OFT warns against unfair pricing practices
The Office of Fair Trading has asked a variety of firms to review their pricing practices following the publication of its market study into the advertising of fair prices.
All companies that supply goods and services - from online retailers and high street giants, to price comparison websites and airline companies - use various price techniques to increase custom. The aim of this report was to investigate whether or not these strategies are fair to consumers.
Using consumer surveys, focus groups and psychological and behavioural economics research, the OFT has identified certain pricing techniques that can influence consumers into making a purchase decision they may not have made, or spent more than originally intended, had the prices been clearly advertised.
Given the difficulty in measuring the cost off these practices, the OFT is reluctant to give precise figures but says it would go into the billions.
The pricing practices highlighted are drip pricing; where extras are added onto the original price and customers are unaware of the full price they have to pay; bait sales, where customers are lured in with a discount price, only to discover the discount has run out or only applies to a few items; complex pricing, such as bundle packages or tariffs; time limited, volume and free offers and reference pricing, which cites previous prices or recommended retail price to make a particular offer seem more attractive.
"In themselves, there is nothing wrong with these, but if any of these practices are used in a misleading way, consumers can be tricked into buying something or spending more than they would have originally," says James Macbeth, team leader of the project.
Reference pricing is cited as the most common spending practice with customers less inclined to look around for better deals once they have been given a higher valuation of a service or product.
For example, an experiment in the US found that consumers offered a car for $7,272 estimated the true value of the car to be considerably higher when they were also told its original value "was $8,215" compared with when they were told the former price "was $7,414".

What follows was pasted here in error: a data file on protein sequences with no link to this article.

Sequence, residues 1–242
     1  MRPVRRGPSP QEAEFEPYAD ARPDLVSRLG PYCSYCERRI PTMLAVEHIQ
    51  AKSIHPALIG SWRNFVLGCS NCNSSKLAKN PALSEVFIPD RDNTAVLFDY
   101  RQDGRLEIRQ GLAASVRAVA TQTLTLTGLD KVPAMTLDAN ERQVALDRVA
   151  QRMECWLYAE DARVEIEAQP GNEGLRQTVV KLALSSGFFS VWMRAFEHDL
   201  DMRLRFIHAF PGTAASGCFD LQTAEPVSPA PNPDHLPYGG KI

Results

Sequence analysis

Drip pricing, is seen as the pricing practice consumers get most irritated by as one focus group participant summed up: "They should have the extras next to the initial price, they should do that instead of taking you to alternate pages so you forget how much the prices were, then at the end you are bombarded with this massive price."
Commonly associated with the airline industry, drip or partitioned pricing has cost consumers collectively £131 million.
Prashant Vaze, head of fair markets at Consumer Focus says drip pricing is used to advertise cheap headline rates or to get to the top of best buy tables or price comparison sites. He adds: "Nothing frustrates consumers more than seeing the price bumped up by extras such as booking fees and handling charges added at the end of the transaction."
The OFT is now actively seeking out meetings with firms to educate them on what they can and cannot do, to make pricing fairer. If firms do not respond appropriately the regulator warns that it will take enforcement action, which could result in the trader being taken to civil court and facing fines as well as damage to its brand name and reputation.
A catch-all phrase that can range from assessing the price of a property or vehicle before offering it for sale or the net worth of assets in an investment portfolio to the prices of shares on a stock exchange.